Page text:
BUT WE PRIDE OURSELVES ON OUR INABILITY TO PAY
I haven't read Ta-Nehisi Coates's "The Case for Reparations" yet, but it's hard to imagine a positive response in America to a call for new payments to any group when we now routinely default on payments we've already promised to make, such as legally required payouts to former city and state workers who are now pensioners.
But that's just an extension of what's been our national state of mind for some time -- at least since George H.W. Bush, in his 1989 inaugural address, said, "We have more will than wallet." Since then -- or, more likely, since Reagan -- we've prided ourselves on the notion that we're broke, that we can't afford to fix the roads and bridges, that we need a Simpson-Bowles commission to free us from our future Medicare and Social Security obligations, that our private businesses can't afford an increase in the minimum wage and our billionaires can't endure a tax hike.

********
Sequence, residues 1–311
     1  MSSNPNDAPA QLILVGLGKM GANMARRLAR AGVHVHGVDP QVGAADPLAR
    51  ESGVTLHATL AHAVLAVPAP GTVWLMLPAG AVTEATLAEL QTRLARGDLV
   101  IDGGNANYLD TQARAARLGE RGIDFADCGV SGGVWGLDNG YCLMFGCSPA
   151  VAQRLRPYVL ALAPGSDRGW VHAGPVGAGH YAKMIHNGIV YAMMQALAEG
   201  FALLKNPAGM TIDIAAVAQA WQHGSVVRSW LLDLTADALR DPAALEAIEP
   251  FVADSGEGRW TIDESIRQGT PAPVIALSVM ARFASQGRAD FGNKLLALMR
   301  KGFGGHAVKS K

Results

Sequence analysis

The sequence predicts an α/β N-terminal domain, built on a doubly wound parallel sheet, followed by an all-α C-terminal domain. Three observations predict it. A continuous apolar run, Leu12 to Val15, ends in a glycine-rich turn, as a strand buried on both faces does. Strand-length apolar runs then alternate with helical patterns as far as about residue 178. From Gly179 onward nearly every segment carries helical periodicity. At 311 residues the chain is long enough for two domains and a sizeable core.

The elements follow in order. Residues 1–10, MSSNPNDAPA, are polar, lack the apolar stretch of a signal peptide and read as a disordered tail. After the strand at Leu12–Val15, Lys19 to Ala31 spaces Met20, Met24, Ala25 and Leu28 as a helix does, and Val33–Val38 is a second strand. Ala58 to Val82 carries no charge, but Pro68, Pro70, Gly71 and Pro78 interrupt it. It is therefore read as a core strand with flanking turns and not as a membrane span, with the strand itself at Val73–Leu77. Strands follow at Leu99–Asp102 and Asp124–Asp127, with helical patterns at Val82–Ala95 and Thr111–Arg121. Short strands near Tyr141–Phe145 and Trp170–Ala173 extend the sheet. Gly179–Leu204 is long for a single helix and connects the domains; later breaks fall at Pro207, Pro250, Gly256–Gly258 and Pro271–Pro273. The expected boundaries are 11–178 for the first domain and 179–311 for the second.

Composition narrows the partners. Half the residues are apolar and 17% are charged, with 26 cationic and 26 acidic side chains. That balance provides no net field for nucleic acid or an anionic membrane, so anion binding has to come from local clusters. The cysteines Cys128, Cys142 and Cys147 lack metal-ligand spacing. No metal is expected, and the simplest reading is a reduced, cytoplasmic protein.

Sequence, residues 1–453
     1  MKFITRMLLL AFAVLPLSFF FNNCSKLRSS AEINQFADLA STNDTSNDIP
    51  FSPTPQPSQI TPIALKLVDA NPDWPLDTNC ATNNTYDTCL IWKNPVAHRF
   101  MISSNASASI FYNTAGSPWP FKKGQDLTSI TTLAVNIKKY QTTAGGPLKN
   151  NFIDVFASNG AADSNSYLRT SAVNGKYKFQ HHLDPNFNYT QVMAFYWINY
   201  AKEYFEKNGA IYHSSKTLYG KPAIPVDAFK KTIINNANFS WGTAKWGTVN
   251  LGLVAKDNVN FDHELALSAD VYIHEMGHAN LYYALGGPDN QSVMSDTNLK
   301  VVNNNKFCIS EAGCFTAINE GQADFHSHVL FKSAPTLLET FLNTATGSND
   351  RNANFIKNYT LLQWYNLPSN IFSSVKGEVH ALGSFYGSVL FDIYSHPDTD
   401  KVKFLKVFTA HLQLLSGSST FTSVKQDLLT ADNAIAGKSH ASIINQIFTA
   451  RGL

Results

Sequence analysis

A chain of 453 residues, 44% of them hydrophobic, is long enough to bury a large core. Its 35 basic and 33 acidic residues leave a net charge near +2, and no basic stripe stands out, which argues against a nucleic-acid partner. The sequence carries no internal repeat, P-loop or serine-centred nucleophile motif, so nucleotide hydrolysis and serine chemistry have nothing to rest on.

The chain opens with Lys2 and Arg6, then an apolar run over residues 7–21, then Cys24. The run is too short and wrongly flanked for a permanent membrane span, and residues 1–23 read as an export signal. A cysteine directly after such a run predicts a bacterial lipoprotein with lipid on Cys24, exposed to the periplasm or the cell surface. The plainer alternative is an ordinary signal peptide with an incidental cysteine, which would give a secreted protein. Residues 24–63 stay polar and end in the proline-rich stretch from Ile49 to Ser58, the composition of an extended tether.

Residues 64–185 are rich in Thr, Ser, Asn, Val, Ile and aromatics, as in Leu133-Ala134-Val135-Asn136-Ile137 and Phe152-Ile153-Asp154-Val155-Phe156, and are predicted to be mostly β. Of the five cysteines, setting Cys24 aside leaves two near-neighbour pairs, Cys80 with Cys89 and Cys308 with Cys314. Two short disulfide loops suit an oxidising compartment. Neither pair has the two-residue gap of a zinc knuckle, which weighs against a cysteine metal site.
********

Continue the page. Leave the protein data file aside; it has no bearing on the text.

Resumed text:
This is now part of the American zeitgeist. Call it "national weakness conservatism" -- although it's not limited to conservatives, especially the Simpson-Bowles part.
Yes, we find money for wars and bank bailouts. Yes, we agreed to compensate the survivors of the 9/11 dead -- though a bill to compensate sick 9/11 first responders passed only because Republicans were shamed into the ending their opposition. And yes, we do compensate victims of natural disasters -- although that's often a battle, too, and I wonder what we'd do if tornadoes and hurricanes were largely a problem in blue states.
There are a lot of obvious reasons why we can't possibly have an adult conversation about reparations for African-Americans -- but our recent tendency to wallow in America's alleged poverty is a less obvious reason. We like thinking we're broke. It explains away our empathy fatigue.